Final Four showdown pits West Virginia against Duke

April 3, 2010


Indianapolis, IN (Sports Network) – Having successfully navigated the NCAA Tournament field to reach the Final Four, West Virginia and Duke will square off in Indianapolis on Saturday night, with the winner earning the right to take on either Butler or Michigan State for the national title on Monday.

The Duke Blue Devils won the South Region with impressive victories over Arkansas-Pine Bluff (73-44), California (68-53), Purdue (70-57) and finally Baylor (78-71). With the win over the Bears, Duke advanced to its 15th all- time Final Four and 11th under head coach Mike Krzyzewski. The Blue Devils rank fourth in NCAA Tournament history with 92 tournament victories, with their .754 winning percentage (92-30) ranking first all-time. Duke and Mike Krzyzewski won their first NCAA championship in 1991 in Indianapolis.

Bob Huggins’ Mountaineers will do their best to end Duke’s run. Second-seeded West Virginia has fought through tournament adversity with the loss of its starting point guard in this event, but still won the East Regional by ousting top-seeded Kentucky in the Elite Eight, 73-66. The win capped off a brilliant run through the East Region that saw victories over Morgan State (77-50), Missouri (68-59) and Washington (69-56) as well. Unlike Duke, West Virginia’s Final Four resume’ is a little light, with this year marking just the second appearance in school history and the first since 1959. That year, West Virginia made it to the championship game led by Jerry West before falling to California, 71-70.

This is the 25th meeting between these two teams, with Duke holding a 17-7 series advantage, thanks to wins in nine of the last 13 meetings. This is the third time these squads will have met in NCAA Tournament play. Duke posted a 70-63 win in the second round of the 1989 event, while West Virginia returned the favor (73-67) in the second round in 2008.

Sophomore point guard Darryl Bryant has been a integral part of West Virginia’s success this season, but a broken bone in his right foot suffered in practice last week will probably keep him sidelined the rest of the way, a thought coach Huggins is starting to warm up to.

“Stranger things have happened, but I’d be shocked if he did (play).”

Without Bryant in the lineup, Huggins has inserted Joe Mazzulla among the starting five. This is a team however, that still revolves around the electric play of guard Da’Sean Butler. The senior is tops on the team in scoring (17.4 ppg) and assists (117), is tied for the lead in steals (36) and ranks third in rebounding (6.3 rpg). Forwards Kevin Jones and Devin Ebanks give the team a pair of solid frontcourt options. Jones is converting 52.4 percent from the floor, while averaging 13.7 points and 7.2 rpg. Ebanks adds 12.0 ppg and is tops on the team in rebounding (8.2 rpg). The Mountaineers shot 57.1 percent from the floor in the second half and took advantage of Kentucky’s cold shooting (4-of-32 from behind the arc) in winning the East Region and advancing to the Final Four. Butler led four Mountaineers in double figures with 18 points. Mazzulla came up big as well, pouring in 17 points, while Jones and Ebanks chipped in with 13 and 12 points, respectively.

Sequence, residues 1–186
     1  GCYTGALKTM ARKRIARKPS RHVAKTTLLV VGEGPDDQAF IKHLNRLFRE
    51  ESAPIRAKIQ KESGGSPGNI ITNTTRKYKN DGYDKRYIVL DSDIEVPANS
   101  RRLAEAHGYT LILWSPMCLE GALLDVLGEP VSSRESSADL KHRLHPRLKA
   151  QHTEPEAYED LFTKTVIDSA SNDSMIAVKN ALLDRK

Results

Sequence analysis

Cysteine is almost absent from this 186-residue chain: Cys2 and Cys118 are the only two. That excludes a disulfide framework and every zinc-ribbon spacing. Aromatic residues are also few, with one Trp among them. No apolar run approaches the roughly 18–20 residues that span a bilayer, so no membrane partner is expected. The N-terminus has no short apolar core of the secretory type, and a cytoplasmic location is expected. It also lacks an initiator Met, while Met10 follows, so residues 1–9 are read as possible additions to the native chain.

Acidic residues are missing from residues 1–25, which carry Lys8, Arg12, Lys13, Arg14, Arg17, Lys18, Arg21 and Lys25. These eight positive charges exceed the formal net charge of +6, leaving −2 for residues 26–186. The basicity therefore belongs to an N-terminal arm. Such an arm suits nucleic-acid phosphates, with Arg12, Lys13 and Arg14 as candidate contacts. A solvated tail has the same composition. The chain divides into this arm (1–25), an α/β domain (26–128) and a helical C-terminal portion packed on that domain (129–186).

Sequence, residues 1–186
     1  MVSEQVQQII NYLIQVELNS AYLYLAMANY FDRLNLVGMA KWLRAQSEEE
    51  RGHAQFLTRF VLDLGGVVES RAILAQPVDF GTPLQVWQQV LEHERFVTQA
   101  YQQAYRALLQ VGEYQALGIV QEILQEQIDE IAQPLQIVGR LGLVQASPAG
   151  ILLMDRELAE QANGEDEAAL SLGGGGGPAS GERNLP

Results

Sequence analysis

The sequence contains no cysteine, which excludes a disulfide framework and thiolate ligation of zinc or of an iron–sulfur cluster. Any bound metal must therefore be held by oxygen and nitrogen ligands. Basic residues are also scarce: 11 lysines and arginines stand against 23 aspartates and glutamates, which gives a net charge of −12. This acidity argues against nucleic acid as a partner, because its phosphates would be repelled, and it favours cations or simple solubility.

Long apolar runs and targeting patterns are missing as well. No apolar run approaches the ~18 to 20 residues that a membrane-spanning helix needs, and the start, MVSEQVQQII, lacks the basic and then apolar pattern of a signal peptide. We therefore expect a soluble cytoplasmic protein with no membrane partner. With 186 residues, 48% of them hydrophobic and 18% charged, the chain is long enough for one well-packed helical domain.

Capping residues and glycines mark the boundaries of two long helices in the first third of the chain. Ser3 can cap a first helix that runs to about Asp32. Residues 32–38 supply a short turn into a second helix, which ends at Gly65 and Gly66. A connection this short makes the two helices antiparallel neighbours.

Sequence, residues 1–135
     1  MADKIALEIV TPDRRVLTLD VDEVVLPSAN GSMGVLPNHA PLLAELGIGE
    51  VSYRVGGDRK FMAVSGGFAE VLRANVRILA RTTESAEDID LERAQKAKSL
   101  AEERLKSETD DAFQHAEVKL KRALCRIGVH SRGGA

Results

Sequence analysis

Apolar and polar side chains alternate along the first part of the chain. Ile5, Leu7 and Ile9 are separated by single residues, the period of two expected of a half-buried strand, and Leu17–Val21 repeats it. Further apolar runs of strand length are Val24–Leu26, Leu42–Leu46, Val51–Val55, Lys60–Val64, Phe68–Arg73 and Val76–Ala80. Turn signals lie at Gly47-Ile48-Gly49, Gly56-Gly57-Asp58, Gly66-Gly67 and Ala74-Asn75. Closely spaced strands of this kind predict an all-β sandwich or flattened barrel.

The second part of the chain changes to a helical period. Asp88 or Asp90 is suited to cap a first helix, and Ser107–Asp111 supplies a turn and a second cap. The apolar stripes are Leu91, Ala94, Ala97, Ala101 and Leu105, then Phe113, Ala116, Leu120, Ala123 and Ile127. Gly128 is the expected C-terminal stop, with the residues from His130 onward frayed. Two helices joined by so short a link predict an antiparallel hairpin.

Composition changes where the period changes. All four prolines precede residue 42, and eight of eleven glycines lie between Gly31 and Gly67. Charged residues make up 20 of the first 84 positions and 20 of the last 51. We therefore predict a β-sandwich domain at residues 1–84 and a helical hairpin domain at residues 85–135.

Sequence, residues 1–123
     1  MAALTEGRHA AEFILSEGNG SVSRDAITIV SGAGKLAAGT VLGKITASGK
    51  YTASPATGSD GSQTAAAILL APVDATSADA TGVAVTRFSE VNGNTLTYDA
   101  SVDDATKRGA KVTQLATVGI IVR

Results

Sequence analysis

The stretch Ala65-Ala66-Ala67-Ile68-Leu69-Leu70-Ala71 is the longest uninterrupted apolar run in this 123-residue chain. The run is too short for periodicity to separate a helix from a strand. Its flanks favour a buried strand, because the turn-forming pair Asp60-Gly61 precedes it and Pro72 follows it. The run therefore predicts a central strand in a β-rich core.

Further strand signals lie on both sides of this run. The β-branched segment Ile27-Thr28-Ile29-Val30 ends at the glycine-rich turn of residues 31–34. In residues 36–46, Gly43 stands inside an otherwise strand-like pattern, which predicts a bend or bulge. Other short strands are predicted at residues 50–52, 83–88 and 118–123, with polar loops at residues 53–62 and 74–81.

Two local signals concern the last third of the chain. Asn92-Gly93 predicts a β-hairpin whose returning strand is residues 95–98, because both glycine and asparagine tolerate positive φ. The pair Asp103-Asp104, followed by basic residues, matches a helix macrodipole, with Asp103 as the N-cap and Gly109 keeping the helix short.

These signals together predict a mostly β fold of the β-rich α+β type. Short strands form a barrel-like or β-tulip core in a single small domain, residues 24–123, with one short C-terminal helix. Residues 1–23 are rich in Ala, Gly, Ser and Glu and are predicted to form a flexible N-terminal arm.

West Virginia’s magical season is something that the players are very conscious of, including Jones.

“This is definitely a special time to be from West Virginia University. It’s a special opportunity and we’re going to take it as such. We’re going to go out there and play our hearts out for the team and the university.”

Duke has also achieved a great deal this season and its 33 victories are a testament to the team’s group effort, something that Coach K is extremely proud of.

“It’s not about the moments that I’ve been in, it’s the moments that your players put you in right now,” Krzyzewski said. “I’m really happy for this group. …It’s as close a team as I’ve had. You want great things to happen for people who are great with us.”

The Blue Devils didn’t exactly shoot the lights out against Baylor in the Elite Eight, but offset a .361 performance from the floor by converting 11 three-pointers to earn the victory and move on to yet another Final Four. The backcourt tandem of Nolan Smith and Second-Team All-American Jon Scheyer was simply unstoppable, combining for 49 points against Baylor. Smith was 9-of-17 from the floor for a career-high 29 points. Scheyer hit five three-pointers and finished with 20 points. One glaring problem in the game was the play of standout forward Kyle Singler, who missed all 10 of his shots and finished with a mere five points. Despite the poor performance, Singler is still both a potent scorer and rebounder, averaging 17.6 points and 6.9 rebounds per game. Scheyer and Smith are as productive a backcourt as there is in the country. Scheyer is both a prolific scorer (18.2 ppg, 104 three-pointers) and deft distributor (183 assists, 4.8 per game). Smith can also fill up the basket (17.4 ppg).

WVU’s Butler is aware of Duke’s dangerous trio.

“They do all the right things, and do what their coach asks them to do, and are successful for it. “They’ve beaten a lot of good teams to be here, and their big three are very good. They do a lot of scoring, and the other two starters do all the dirty work.”

Still, this game will come down to fundamentals and rebounding will be a huge key.

“You have to be determined to play missed shots,” Krzyzewski said. “I don’t know how many teams in the United States rebound more than 40 percent of their misses like both of us do.”

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